Written by Yuri Bender for FT's PMW. Original article is available here.
Ukraine’s investment industry is working hard to ensure the country’s economy does not collapse in the face of the Russian invasion, says ICU’s Makar Paseniuk.
Back in September 2018, when Ukraine was enjoying a relatively optimistic period, a day of intense discussion, hosted by asset management firm ICU at the genteel Bristol Hotel in the Black Sea port city of Odesa, attracted government ministers, foreign economists and the cream of the country’s financial industry. Animated chatter between sessions highlighted investment opportunities in strategic but colourful companies such as helicopter manufacturer Motor Sich, agricultural giant Mriya Agro Holding and Ukraine’s largest commercial bank, PrivatBank.
A more relaxed atmosphere saw evening delegates donning party attire in the city’s Azuma restaurant, famed for its Oriental cuisine. At the centre of discussions and celebrations was the slim, smart-suited, bespectacled figure of Makar Paseniuk, known in Ukraine for his calm demeanour and astute investments.
Right up to the Russian invasion of February 2022, he played down any talk of war, reluctant to contribute to any sense of panic. Even today, he observes the critical situation in his country from a reasoned standpoint, not allowing intense patriotic emotions to boil over, while keeping the safety of employees and their families as number one priority.
“In January, when tensions started simmering, we instructed employees to prepare for escalation of Russian aggression against Ukraine to secure their safety,” says Mr Paseniuk, whose investment house manages $500m in assets. He continues to pay his 100 staff whether they have moved to the western city of Lviv to carry on the firm’s business dealings, or have elected to stay in Kyiv, to defend the capital with sandbags, rifles and Molotov cocktails against the invading Russian army.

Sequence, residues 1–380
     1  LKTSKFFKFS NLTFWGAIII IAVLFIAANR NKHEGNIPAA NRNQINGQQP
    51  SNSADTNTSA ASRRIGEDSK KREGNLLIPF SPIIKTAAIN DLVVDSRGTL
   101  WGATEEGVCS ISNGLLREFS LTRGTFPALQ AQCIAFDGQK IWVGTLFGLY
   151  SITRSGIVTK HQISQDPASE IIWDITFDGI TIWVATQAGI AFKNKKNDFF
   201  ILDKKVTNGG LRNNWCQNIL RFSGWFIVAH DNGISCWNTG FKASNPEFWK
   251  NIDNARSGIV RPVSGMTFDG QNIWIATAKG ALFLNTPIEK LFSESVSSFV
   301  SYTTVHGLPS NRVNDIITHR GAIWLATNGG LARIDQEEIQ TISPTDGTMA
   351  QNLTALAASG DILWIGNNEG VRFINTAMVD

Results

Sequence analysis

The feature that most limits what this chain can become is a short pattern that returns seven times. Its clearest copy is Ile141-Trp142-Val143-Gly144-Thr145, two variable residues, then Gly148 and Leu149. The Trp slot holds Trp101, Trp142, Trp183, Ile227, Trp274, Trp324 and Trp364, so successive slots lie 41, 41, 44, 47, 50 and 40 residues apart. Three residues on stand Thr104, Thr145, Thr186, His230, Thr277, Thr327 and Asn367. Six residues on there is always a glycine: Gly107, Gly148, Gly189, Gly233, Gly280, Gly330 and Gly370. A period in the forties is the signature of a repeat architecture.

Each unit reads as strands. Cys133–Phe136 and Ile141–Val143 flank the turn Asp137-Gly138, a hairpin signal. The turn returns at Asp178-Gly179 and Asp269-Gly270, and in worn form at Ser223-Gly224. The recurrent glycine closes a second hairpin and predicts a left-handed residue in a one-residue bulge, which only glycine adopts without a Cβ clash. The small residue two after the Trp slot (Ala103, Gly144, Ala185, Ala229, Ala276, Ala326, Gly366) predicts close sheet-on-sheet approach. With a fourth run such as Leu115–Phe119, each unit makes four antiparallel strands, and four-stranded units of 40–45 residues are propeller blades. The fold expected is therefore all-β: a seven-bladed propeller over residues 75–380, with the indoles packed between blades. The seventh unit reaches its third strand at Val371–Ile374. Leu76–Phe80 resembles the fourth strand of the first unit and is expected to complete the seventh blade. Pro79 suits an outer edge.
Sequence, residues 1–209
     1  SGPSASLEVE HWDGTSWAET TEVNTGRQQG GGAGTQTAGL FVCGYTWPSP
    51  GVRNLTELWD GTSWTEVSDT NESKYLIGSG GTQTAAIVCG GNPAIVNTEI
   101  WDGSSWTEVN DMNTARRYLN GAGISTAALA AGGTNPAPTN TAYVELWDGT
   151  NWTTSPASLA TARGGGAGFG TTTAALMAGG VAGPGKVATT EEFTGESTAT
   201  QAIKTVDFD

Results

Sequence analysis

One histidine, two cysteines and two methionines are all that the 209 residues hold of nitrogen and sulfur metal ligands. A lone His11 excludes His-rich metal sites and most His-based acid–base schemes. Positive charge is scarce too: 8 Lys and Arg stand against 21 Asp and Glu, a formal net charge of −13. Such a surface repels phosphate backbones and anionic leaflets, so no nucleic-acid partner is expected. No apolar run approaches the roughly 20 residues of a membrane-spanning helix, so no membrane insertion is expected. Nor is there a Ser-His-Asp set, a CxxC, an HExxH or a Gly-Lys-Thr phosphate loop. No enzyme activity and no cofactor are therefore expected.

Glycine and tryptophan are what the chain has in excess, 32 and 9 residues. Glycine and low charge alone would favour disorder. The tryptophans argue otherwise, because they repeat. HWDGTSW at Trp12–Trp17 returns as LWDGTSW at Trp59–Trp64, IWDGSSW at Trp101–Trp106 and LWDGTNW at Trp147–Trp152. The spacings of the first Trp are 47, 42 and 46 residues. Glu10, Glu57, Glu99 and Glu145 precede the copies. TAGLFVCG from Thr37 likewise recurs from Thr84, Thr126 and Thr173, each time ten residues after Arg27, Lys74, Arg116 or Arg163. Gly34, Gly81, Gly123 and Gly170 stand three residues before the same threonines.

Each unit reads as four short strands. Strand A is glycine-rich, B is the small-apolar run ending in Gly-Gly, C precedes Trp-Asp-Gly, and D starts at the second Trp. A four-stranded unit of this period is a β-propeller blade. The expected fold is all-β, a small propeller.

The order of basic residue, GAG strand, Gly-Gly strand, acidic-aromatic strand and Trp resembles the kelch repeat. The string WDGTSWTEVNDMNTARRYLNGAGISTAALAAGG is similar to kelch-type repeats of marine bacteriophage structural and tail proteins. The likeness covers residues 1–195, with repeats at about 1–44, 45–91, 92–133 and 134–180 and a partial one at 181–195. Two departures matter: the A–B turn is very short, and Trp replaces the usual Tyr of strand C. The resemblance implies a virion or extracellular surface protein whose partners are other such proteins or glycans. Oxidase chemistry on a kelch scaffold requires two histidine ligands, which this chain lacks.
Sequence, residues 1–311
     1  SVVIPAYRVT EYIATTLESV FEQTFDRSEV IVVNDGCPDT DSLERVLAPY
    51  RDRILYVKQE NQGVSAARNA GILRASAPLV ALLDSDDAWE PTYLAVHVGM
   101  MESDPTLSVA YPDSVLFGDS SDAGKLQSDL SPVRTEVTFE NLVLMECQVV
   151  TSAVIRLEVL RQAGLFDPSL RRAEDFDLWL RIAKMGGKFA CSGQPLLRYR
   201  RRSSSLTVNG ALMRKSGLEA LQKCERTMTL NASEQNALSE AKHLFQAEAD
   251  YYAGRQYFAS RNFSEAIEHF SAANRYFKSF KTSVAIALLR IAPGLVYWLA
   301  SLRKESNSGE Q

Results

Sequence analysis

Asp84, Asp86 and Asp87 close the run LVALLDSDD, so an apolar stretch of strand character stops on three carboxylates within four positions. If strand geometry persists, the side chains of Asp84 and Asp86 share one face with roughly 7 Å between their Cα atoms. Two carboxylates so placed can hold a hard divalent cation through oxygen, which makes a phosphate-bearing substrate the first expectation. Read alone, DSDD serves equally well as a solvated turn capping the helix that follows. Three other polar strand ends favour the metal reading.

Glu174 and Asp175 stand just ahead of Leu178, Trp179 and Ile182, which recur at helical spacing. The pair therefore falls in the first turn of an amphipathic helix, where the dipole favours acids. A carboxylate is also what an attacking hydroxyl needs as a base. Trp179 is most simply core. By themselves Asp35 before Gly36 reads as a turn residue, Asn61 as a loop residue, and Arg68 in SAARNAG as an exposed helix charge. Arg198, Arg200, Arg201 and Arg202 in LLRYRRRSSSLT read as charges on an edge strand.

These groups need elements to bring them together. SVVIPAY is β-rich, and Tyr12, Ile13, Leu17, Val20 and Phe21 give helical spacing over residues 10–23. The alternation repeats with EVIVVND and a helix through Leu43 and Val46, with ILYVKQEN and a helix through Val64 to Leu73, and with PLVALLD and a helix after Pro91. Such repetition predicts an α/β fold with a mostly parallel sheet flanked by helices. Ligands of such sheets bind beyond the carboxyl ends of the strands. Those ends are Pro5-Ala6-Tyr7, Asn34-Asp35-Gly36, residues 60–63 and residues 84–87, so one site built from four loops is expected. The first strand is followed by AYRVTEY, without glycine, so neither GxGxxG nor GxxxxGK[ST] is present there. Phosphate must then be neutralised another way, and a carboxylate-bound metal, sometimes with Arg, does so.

“We never believed this war would happen,” he admits, assuming the intensive build-up of Russian troops on Ukraine’s border to be political posturing in a bid to obtain geopolitical concessions from the US. “It was a shock for everyone.”
BUSINESS AS USUAL
His second responsibility is to carry on ICU’s work as an investment firm, making sure his country’s economy is not derailed under enemy attack. “It is our priority to maintain business as usual for clients and help our country with everything we can do as financial professionals,” says Mr Paseniuk, demonstrating a rational, market-oriented response to crisis.
Thanks to the pandemic, staff were already working remotely. Several years ago, when his investment team identified Ukrainian start-ups – including virtual clothing try-on app 3D Look and PetCube, a video-based service connecting pets with humans – as key beneficiaries of his operation, he also invested in the technological infrastructure of the Kyiv-based investment house.
While more than 4m refugees have left for surrounding countries, with 6.5m displaced internally, the efforts of Mr Paseniuk and peers in the investment industry, supported by advanced IT back offices, have ensured Ukraine’s economy has not collapsed.
“The banking system has proved extremely resilient to this unprecedented crisis, triggered by the war,” says the man once known in Ukraine as ‘Poroshenko’s banker’ for advising former president Petro Poroshenko on the financial direction of his Roshen confectionary business. “Banks continue to operate in all regions not directly hit by fighting, and the majority of banking services remain available to customers all over Ukraine. There has been no bank run in Ukraine, nor any sign of panic.”
His investment team continues to put clients’ money to work. “Our company is doing its best to make sure retail and institutional clients continue to have uninterrupted access to our trading infrastructure, research and professional advice,” he says calmly. “Since the outbreak we have seen huge demand for military bonds from retail clients.”
These government bonds, issued by the Ministry of Finance, mature after 12 months, financing the Ukrainian army and the nation’s war efforts, currently yielding 11 per cent.
“This is the most patriotic financial instrument we have ever been involved in,” enthuses Mr Paseniuk. “Even though they are issued on non-market terms and real yields, given the expected inflation, are negative, our clients are still willing to invest. They believe it is their investment into the future of the country rather than investment for financial gain.”